Such responses speak the social dilemma of social networks. Our increasingly digital existence contributes to real-world social disconnection. To compensate, people look for whatever attention they can find on social media, including through complaining and arguing.
Downward social comparison
The second major psychological reward from complaining on social media was to boost their self-esteem. As one participant told us, “This is kind of that negative thing, but it’s more in a funny, sarcastic, trolling negative thing.”
This pay-off came through strongly when we asked our interviewees to speculate on others’ complaints. “Maybe they’re bored and lonely at home,” said one. “The fact he’s obviously looking down on the people is elevating his position,” said another.
Boosting self-esteem by looking down others is known as “downward social comparison”. This idea was articulated by American social psychologist Leon Festinger in 1954, who suggested humans were hardwired by evolution to compare our value against others.
Generally we seek comparisons with people like ourselves. Upward social comparisons (to higher-status individuals or groups) is bad for our self-esteeem, while downward comparison (to lower-status targets) can boost our self-esteem.
Research over the past decade or so suggest amplifies our need to find things to feel superior about precisely because it is so effective in making us feel inferior, with social media feeds typically subjecting us to “highlight reels” of other people’s beachside holidays, job promotions, romantic dinners and so on.
One study, for example, has found that spending more time on social media is associated with a greater likelihood of thinking others are happier and have better lives.
Looking down on companies and brands may be an easy, relatively socially acceptable way for us to feel smarter and superior.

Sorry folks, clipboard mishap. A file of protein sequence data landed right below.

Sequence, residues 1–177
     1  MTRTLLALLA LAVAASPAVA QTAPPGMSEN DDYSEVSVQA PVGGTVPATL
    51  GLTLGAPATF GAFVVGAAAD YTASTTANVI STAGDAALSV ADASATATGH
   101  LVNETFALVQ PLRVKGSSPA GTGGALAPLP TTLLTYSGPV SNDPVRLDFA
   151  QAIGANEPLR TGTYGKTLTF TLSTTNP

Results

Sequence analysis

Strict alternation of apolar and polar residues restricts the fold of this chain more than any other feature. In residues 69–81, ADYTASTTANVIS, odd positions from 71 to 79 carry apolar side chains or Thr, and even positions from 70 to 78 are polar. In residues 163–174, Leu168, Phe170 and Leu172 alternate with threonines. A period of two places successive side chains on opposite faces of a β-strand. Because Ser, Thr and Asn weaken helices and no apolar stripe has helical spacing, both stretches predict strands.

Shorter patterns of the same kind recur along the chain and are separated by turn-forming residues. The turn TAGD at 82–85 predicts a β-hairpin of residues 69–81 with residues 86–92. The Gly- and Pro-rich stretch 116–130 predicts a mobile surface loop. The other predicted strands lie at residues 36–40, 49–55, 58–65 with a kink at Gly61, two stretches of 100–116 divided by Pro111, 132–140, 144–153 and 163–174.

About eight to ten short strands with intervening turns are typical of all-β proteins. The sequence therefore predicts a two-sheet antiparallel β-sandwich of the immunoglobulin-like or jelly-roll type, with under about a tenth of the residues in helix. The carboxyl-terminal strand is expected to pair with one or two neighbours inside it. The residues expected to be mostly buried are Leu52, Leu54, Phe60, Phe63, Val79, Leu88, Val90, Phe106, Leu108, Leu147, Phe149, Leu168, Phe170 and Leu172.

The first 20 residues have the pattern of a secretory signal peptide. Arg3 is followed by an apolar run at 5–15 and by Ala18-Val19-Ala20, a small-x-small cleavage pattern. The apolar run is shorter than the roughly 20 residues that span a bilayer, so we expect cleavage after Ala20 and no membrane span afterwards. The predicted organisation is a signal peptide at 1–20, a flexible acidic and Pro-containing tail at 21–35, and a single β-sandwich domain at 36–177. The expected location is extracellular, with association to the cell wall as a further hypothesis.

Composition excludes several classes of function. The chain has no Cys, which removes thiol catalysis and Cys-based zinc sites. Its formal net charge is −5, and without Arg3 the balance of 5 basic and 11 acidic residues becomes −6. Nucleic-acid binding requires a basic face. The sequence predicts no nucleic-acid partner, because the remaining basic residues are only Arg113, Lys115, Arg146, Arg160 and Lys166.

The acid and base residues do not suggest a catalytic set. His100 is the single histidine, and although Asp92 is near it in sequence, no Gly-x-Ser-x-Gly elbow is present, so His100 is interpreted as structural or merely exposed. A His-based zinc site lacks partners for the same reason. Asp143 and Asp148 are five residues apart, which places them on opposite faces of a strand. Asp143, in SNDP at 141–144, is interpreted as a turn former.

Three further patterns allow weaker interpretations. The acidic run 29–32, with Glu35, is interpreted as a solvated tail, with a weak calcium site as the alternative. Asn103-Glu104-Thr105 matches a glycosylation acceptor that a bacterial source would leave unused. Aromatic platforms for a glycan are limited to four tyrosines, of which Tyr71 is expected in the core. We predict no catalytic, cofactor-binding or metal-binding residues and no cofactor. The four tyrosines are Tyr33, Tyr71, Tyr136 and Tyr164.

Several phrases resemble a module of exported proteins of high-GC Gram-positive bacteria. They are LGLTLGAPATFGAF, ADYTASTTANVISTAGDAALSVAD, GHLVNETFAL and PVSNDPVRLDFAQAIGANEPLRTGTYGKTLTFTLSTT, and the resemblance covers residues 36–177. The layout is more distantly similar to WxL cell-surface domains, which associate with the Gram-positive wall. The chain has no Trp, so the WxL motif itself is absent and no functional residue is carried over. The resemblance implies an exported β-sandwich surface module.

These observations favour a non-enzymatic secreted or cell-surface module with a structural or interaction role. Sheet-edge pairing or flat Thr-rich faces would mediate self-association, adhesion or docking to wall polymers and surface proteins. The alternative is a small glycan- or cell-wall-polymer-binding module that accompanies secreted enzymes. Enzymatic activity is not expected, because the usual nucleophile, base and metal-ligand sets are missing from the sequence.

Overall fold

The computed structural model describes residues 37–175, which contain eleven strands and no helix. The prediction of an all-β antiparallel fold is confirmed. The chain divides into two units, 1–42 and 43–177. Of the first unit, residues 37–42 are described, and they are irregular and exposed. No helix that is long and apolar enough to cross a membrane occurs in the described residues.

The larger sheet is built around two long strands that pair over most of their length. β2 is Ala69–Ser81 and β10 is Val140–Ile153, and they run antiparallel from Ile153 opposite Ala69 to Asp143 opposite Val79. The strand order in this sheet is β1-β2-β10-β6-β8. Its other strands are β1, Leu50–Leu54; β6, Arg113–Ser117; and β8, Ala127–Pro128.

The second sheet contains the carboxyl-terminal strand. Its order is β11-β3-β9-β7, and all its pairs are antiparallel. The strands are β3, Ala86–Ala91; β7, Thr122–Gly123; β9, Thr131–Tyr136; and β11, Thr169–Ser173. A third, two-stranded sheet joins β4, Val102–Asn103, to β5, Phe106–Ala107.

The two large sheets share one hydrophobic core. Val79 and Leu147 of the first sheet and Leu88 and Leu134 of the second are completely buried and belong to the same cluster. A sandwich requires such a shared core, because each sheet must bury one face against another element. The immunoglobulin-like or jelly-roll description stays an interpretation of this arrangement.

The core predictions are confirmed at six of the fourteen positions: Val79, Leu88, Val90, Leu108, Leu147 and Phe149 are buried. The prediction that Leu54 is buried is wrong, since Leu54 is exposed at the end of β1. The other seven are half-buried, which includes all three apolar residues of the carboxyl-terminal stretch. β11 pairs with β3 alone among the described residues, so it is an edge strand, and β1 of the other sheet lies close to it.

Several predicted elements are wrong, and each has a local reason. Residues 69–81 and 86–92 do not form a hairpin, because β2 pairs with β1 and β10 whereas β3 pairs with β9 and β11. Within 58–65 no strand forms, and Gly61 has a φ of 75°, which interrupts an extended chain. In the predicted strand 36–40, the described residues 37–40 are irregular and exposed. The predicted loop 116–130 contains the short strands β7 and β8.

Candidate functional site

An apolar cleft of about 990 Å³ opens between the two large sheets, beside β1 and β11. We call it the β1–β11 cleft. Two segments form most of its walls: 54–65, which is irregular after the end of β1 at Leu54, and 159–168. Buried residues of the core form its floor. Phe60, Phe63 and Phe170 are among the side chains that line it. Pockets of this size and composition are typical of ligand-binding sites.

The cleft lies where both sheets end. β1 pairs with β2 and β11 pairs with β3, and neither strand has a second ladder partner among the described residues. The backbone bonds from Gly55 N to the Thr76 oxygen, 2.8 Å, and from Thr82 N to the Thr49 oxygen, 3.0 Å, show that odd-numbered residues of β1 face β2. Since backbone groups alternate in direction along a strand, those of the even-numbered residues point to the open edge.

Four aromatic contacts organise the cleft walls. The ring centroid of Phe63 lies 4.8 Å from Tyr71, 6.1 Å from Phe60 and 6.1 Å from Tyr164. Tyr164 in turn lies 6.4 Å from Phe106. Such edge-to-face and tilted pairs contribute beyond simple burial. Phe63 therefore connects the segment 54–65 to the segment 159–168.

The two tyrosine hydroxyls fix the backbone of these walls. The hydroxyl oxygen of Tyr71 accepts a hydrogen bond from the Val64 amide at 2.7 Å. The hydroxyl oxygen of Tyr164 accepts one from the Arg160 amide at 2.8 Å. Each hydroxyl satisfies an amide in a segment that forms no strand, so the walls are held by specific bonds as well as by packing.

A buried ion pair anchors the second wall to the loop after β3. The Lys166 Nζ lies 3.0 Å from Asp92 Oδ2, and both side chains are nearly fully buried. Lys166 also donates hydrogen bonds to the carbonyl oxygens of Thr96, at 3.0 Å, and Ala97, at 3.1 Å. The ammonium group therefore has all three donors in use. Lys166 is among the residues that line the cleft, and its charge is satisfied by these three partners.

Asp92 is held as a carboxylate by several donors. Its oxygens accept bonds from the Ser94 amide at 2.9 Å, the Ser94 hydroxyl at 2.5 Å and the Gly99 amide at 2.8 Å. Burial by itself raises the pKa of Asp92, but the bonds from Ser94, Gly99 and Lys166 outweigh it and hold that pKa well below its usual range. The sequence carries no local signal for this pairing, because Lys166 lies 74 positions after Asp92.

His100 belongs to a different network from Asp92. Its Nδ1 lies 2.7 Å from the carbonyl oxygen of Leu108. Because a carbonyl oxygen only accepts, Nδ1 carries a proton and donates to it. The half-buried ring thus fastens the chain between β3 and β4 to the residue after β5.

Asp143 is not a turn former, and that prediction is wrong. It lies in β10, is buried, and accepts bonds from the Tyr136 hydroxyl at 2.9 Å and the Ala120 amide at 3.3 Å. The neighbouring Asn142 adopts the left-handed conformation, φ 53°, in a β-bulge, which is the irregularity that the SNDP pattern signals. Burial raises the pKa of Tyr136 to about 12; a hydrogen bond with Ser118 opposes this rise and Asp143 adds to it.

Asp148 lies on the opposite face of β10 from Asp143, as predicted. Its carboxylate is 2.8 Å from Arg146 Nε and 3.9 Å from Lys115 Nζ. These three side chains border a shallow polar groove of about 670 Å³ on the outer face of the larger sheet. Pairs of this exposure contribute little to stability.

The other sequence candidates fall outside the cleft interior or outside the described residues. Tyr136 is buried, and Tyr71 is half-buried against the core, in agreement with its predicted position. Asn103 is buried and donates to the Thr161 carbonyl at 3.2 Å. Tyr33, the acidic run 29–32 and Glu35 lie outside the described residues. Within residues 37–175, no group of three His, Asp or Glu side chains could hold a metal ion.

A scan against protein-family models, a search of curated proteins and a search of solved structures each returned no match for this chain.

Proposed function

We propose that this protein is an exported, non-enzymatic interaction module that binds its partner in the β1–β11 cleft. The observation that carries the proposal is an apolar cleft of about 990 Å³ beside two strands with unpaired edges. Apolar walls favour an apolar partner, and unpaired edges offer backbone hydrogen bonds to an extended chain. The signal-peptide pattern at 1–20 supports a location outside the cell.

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Manipulating our love of complaining
Some complaining is a good thing. It shows companies we are ready to hold them to account.
But the degree to which complaining is done to scratch psychological itches is complicating the use of social media. Indeed, some companies now deliberately court controversy to exploit our love for complaining.
An example is British breakfast cereal maker Weetabix, which in February 2021 tweeted an image of Weetabix topped with baked beans. This is hardly an important issue. But it generated enough controversy on social media to also spill over into dozen of reports on legacy media.
Whenever you see a brand bringing out some odd flavour, it’s probably not because company executives have lost their minds. It’s more likely their marketing experts are deliberately looking to provoke people to express mirth or disgust about it.
So if you find yourself engaging in online complaining, be mindful of the social and psychological factors lurking below the surface.
Just as you may be taking advantage of a brand to make yourself feel better, it is possible a company is stoking controversy to take advantage of you.
Angela R Dobele, Associate professor, RMIT University and Ashleigh Powell (née Druce), Lecturer, RMIT University published this article first on The Conversation.